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Things Learned At: A Heavenly Weekend In Hebden
Patrick Clarke , March 15th, 2018 16:34

The Heavenly Weekender begins with the magnificent Audiobooks and ends with the stupendous King Gizzard And The Lizard, and is packed with beautiful things in between.

Gwenno

In the mossy wilds of Yorkshire, in the bohemian enclave of Hebden Bridge, in beloved socialist independent venue The Trades Club, Heavenly Recordings put on three days and nights of music.

Audiobooks’ first ever show is to be savoured

King Gizzard And The Lizard Wizard’s stupendously powerful set closes the weekend, and an equally excellent but utterly different show opens the festival on Thursday evening. What’s even more extraordinary is that this is their first ever show. Audiobooks are a two-piece, with polymath David Wrench on synth and guitar and Evangeline Ling on vocals and saxophone, and their short set has such an unshakeable effect.

In a way, it’s all over the place. They make a curious pair - Ling in a Cossack hat and a dress handpainted with impressionist swirls, the silver of Wrench’s long hair and beard mirrored in his all-white outfit - and musically they lurch from off-kilter elevator music to titanic throbs of foreboding semi-industrial electronica, calling at all points in between. Ling tells eccentric spoken word short stories – accents and all – and then takes command with a straightforward, powerful blast of voice.

There are many different forms of expression within Audiobooks’ half-hour set, yet each works with immense power in its own right; it calls a colossal array of influences and touchstones to mind, but combines them with intriguing, fresh brilliance. On occasion, Audiobooks sound like Unutterable-era The Fall, fronted by Bjӧrk singing lyrics written by a Brontё. What could be better than that?

Gwenno’s current moment is something special indeed

Gwenno Saunders plays on Thursday night, so it’s the only headline set that isn’t rammed. It’s a sizeable crowd, but there’s breathing room for her beautiful and broad psychedelic sweep. Her new album, Le Kov, is recorded entirely in the Cornish language; it’s a special record that's provoked a heartening level of attention, debate and exploration, and marks this little stretch of her career as particularly significant-feeling.

She’s begun playing regularly with a full band, who provide layer upon lush layer of transporting instrumentation, and the set feels especially potent as a result. The glistening wave of psychedelic sonics that greets the choruses on ‘Tir Ha Mor’ are beefed up so much that they become otherworldly, while ‘Eus Keus?’ is a sublime cut of hypnotic call and response. Gwenno herself holds centre stage with supreme charisma; the whole set is superb.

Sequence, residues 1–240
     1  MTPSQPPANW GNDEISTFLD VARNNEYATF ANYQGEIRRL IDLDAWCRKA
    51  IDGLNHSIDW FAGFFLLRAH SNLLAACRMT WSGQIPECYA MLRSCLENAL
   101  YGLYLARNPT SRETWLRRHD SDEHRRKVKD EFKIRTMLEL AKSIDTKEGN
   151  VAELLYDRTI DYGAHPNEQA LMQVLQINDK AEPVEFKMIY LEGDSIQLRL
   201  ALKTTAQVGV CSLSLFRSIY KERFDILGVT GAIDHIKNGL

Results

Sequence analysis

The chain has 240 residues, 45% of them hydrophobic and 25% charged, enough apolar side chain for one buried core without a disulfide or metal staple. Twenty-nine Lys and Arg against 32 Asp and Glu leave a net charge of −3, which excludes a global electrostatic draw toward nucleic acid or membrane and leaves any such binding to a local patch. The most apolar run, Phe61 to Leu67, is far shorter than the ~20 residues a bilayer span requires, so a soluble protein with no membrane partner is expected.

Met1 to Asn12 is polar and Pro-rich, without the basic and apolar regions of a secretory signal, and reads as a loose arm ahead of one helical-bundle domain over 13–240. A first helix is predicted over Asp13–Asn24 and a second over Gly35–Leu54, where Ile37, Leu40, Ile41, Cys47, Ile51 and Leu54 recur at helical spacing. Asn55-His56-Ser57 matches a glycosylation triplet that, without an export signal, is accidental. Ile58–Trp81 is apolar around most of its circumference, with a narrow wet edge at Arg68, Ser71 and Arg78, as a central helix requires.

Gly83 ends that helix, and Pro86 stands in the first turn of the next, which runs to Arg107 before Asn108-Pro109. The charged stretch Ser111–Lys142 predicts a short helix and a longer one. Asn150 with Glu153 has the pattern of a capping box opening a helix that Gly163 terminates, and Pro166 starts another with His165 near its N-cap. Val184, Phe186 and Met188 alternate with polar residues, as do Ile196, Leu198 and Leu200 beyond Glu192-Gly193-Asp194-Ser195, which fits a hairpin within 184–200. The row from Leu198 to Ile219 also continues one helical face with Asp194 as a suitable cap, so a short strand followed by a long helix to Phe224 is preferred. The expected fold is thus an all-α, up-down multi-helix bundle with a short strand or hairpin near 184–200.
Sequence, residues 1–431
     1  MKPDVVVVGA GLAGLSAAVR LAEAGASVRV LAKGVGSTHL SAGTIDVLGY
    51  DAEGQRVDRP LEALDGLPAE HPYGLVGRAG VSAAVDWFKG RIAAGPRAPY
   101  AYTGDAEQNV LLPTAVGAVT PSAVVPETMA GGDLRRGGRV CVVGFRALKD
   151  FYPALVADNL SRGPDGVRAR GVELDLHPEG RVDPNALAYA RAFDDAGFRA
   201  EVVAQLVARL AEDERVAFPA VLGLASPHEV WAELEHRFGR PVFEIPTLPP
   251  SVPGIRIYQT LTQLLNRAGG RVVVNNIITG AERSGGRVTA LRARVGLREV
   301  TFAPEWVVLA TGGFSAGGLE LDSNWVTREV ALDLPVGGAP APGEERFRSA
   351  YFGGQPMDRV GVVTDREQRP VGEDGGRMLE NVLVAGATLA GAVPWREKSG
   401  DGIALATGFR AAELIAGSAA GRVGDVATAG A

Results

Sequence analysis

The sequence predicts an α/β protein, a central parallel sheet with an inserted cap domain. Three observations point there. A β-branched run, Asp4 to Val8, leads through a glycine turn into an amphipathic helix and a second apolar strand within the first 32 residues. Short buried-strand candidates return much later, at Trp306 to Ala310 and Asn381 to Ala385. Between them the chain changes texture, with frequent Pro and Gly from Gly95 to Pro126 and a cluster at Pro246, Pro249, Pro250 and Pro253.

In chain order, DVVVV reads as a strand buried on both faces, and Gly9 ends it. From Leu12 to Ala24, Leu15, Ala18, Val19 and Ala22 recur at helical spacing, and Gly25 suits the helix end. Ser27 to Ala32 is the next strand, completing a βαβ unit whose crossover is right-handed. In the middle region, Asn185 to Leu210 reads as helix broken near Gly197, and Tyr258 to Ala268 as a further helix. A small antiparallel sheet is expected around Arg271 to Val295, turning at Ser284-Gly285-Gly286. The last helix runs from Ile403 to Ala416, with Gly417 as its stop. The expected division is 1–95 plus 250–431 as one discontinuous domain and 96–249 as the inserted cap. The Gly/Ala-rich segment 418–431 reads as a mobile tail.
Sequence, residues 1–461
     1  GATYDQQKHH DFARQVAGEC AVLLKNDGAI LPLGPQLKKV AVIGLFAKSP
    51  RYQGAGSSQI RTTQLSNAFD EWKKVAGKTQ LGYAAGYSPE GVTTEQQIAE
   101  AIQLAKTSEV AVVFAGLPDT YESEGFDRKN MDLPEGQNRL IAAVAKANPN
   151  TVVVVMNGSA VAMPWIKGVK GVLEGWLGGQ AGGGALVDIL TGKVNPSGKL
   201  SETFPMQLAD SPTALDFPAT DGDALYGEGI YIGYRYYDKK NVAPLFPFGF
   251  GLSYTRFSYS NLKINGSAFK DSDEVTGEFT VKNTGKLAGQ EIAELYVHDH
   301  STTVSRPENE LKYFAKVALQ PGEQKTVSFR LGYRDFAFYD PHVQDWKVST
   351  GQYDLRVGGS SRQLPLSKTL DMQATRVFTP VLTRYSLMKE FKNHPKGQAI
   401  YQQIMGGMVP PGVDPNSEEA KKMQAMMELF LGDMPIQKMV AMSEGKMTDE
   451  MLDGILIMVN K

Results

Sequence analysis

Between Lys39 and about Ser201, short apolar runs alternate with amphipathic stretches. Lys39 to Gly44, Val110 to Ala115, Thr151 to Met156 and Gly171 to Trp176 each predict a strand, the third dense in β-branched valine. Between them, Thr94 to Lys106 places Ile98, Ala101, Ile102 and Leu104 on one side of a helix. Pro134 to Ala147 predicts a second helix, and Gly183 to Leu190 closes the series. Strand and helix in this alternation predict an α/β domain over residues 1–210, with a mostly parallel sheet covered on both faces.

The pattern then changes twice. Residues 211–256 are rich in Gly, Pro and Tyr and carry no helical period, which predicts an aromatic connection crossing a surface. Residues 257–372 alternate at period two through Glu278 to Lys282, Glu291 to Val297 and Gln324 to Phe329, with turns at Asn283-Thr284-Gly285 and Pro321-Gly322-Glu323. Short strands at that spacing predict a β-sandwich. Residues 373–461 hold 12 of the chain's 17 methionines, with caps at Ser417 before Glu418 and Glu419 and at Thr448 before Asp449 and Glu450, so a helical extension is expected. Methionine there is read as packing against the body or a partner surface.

The Orielles are more than meets the eye

It’s remarkable how totally different the Trades Club feels the following evening as the room is overwhelmed by what seems like every teenager in the Calder Valley for much-hyped indie newcomers The Orielles. They begin to arrive during Dan Stock’s opening solo guitar set, and by the time support band Boy Azooga are underway the floor is already buckling under the weight of the crowd. Their enjoyably springy indie, peppered with flourishes of guitar and extended juddery grooves, set things to a simmer as an inner circle of eager adolescents begins to emerge, separating the crowd in two.

It boils over once The Orielles appear on stage. They’re a band it’s easy for the snobs to be cynical about – there have certainly been groups that sound like this before – but as a live presence the they offer more than you might expect. Their set ebbs and flows from slinky, slow pop packed with that distinctly potent small-town melancholy to relentlessly bouncing riffs, and occasionally sears into a gloriously carnivalesque detonation of samba, complete with (literal) bells and whistles. The Orielles are a deceptive lot; though their influences are easy to spot they have an innate ability to provide a watertight live set that hits every beat.

It’s hard not to sound a little tedious when one writes with such admiration of the hold they have over this particular crowd – “Ain’t it great to see the kids getting down to some good old guitar music rather than that Ed Sheeran shit, eh?” as one older member of the crowd puts it to me afterwards as the crowd spills out into ongoing carnage in the street outside – but the show has an undeniably infectious effect on the been-there-done-that generation too. It’s joyous, energising and essential to the weekend.